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Into the Fire

by Amanda Watson

We have met fire. We have met the fire of anger, fear, rage in the loss of the lives of 21 innocent children and adults at Robb Elementary School in Uvalde, Texas. We have met the all consuming power of the Mesquite Heat Fire that raged near Abilene. We have met the anger and separation of the fire that killed 10 people in Buffalo, New York. And soon, from God in all God’s mercy, we will meet the fire of the Holy Spirit at Pentecost—the fire of love that confronts and consumes the fire of rage and the fire that destroys.

Just as the fire in West Texas and the fire of pain suddenly and literally burst open, the wind and fire of Pentecost breaks in - in a most unexpected fashion. A roar like a windstorm. Bright flames dancing in the air. Loud voices speaking in many unintelligible languages for those followers of Jesus waiting in Jerusalem. This was the outpouring of the Holy Spirit by the risen and ascended Lord. Extraordinary and spectacular. Lives were changed. This was the beginning of a movement that would change the world. This is the movement of love that will put out the fires of hate, fear, depression, and loss.

In the Church, Pentecost marks a beginning, the start of the long season we call Ordinary Time. Ordinary in that the Sundays are simply numbered and there are no major feasts comparable to Christmas and Easter. It is a time to begin to be aware of what we are called to do and what we are called to be. Yet, we are called not simply to be aware, but to be extraordinary. If the event of Pentecost is an extra ordinary event, shouldn’t we sense our call to discipleship to also be extraordinary?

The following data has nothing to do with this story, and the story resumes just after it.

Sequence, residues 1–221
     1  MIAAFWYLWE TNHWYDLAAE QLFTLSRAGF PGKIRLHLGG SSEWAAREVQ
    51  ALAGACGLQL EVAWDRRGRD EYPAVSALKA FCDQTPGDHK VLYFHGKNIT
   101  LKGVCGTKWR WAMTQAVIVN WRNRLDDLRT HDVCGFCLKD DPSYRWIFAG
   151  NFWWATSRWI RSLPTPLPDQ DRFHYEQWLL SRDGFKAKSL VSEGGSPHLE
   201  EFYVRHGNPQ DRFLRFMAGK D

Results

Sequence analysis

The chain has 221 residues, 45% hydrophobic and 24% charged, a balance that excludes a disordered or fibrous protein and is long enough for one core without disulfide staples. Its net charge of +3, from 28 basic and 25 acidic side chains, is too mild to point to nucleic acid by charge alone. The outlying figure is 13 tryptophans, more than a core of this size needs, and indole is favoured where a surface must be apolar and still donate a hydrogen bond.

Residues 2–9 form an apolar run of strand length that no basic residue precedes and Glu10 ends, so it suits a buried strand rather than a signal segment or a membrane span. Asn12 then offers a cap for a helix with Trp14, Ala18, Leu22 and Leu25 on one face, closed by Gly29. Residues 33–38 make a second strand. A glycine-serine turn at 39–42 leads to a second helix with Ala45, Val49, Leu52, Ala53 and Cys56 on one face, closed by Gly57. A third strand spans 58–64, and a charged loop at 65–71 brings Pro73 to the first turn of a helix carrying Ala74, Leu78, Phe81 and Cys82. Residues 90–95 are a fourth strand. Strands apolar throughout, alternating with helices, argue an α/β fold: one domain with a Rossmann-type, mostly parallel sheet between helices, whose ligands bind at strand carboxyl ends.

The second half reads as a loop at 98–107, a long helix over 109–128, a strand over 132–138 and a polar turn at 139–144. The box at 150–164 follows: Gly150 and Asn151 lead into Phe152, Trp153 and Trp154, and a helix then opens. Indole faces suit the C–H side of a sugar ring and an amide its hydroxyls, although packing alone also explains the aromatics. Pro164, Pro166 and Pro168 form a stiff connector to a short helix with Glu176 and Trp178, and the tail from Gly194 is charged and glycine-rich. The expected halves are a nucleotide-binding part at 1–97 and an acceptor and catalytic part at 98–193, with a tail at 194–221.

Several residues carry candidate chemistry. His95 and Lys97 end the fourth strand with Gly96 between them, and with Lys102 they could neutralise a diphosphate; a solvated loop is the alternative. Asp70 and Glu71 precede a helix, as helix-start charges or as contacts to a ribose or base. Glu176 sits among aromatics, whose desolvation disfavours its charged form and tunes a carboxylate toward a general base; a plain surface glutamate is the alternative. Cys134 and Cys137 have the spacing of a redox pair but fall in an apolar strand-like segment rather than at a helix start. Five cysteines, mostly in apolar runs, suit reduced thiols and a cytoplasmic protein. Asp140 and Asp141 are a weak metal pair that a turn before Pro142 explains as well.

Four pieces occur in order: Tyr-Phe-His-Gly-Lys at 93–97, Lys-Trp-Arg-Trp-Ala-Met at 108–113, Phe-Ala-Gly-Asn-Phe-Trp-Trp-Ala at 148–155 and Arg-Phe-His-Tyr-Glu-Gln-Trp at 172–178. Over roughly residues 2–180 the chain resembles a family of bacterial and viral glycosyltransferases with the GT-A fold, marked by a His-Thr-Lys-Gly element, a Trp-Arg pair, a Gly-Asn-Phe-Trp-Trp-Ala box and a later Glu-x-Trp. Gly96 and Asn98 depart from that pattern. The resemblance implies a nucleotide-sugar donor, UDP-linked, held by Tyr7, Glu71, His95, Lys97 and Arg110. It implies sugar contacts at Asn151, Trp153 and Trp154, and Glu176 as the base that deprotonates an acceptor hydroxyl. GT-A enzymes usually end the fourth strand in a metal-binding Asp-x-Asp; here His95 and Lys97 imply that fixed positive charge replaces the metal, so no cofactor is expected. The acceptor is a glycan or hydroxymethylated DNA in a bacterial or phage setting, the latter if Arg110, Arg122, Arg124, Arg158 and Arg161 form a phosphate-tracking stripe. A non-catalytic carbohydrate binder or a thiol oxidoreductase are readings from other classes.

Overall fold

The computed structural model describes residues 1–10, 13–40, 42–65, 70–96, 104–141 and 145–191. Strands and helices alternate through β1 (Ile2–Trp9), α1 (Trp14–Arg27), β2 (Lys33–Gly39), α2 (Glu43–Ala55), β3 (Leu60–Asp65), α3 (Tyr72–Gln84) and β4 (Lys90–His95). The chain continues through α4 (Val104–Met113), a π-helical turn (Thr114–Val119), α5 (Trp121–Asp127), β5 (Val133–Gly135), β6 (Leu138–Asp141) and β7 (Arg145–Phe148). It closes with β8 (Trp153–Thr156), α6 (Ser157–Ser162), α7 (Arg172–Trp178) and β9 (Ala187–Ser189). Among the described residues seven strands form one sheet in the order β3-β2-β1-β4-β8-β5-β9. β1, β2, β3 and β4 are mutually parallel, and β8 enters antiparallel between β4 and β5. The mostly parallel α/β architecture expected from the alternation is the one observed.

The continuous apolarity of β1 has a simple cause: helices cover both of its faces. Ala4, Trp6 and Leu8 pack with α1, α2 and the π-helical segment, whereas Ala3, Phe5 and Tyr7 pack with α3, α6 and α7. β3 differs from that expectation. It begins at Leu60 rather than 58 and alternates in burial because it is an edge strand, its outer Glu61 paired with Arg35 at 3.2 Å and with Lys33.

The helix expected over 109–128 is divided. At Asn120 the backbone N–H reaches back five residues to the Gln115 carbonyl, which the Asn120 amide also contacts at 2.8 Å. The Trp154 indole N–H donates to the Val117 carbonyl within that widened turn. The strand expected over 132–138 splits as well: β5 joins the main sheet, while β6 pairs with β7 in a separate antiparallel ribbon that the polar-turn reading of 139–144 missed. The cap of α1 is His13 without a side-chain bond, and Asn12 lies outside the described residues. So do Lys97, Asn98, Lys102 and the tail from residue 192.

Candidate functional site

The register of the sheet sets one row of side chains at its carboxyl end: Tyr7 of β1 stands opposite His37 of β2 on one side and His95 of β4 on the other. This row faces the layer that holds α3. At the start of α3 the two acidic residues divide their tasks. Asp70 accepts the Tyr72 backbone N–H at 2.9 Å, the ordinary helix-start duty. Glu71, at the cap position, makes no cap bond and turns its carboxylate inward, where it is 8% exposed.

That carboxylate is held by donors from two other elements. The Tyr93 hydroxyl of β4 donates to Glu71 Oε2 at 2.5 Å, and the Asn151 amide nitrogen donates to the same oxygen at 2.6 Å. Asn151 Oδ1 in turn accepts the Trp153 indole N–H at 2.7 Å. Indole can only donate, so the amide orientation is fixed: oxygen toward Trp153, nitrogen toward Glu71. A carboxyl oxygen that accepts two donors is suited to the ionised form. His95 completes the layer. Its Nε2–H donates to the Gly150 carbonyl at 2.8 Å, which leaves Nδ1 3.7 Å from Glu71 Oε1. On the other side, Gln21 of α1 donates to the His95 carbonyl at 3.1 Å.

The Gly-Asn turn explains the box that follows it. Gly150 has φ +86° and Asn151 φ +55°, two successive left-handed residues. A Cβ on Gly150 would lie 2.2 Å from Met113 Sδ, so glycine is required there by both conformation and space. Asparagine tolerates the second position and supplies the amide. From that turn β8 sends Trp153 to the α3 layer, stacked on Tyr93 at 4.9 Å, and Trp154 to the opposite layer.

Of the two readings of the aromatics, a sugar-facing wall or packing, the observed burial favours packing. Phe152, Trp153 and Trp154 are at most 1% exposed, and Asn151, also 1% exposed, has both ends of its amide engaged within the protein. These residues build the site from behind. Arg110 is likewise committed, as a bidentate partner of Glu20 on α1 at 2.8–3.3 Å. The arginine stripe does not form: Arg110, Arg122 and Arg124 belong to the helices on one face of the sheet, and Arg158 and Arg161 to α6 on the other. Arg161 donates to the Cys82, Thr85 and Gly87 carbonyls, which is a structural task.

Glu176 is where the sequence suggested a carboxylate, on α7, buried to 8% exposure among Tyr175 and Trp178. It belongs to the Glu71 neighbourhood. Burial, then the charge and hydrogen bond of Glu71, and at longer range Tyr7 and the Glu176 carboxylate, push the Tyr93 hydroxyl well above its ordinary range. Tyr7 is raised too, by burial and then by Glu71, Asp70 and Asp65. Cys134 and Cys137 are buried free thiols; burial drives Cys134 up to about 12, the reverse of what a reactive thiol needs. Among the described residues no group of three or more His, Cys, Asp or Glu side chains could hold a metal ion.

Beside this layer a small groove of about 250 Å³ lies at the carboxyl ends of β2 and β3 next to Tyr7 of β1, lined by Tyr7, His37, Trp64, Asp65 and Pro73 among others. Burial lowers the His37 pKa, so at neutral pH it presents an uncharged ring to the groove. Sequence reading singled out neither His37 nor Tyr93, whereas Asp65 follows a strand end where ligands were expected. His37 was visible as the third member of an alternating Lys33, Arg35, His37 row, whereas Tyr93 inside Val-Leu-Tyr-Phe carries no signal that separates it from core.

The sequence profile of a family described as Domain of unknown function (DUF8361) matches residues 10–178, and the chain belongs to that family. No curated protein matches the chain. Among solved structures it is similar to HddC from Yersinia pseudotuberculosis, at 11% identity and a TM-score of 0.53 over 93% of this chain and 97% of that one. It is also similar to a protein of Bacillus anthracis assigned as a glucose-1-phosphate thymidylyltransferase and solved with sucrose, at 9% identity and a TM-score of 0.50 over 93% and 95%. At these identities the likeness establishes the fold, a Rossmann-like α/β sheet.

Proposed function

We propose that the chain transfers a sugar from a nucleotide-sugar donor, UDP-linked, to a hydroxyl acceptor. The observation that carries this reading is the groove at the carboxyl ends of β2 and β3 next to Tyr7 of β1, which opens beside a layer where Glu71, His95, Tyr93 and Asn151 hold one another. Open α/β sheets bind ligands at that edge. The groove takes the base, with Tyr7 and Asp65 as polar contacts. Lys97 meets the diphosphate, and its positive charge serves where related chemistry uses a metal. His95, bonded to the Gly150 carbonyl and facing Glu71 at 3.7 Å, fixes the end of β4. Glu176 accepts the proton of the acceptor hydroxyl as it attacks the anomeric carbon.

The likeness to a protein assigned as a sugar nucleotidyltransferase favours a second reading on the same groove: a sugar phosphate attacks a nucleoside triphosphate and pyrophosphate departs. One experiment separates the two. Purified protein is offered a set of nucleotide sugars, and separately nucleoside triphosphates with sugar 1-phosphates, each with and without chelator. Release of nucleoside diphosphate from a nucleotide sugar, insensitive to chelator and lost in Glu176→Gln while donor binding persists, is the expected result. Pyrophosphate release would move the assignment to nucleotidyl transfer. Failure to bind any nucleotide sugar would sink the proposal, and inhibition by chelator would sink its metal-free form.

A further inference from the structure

Ordinary and extraordinary really go hand in hand during this long season of Pentecost. Mother Teresa taught, “Do not think that love, in order to be genuine, has to be extraordinary… We must love those who are nearest to us… above all your love has to start there; be concerned about your neighbor. In the work we have to do it does not matter how small and humble it may be, make it Christ’s love in action. What matters is the gift itself, the degree of love that you put into each one of your actions.”

When we give of ourselves for Christ, we find ourselves filled with great love and joy. We need to be aware this happens in our everyday lives among family and friends, at school, at work, during our everyday life – this is discipleship in Ordinary Time — empowered by the Holy Spirit extraordinarily given on Pentecost.

In this season, we settle into the spiritual rhythms of living as the disciples of Jesus. We gather in our churches and then go out into our neighborhoods. We worship and then we go out—we witness. We seek to grow and learn and to serve others. We rest our bodies and refresh our souls as we go about doing the work that God has given us to do.

In Ordinary Time, this is the season of love, even in the midst of a world that chooses fear, hatred and divisiveness. Jesus poured himself out in love and so we seek to do the same. We meet the fire with love. Jesus pours his love into our hearts through this magnificent, powerful Holy Spirit—the roaring wind, the living flame, the power of God. “For us and for our salvation he came down from heaven” we recite in the creed. During Ordinary Time especially, we powerfully respond, “For him and for his mission we go into the world”—we go strengthened with love and we can change the world!

Let us go into the fire with the power of the Holy Spirit!

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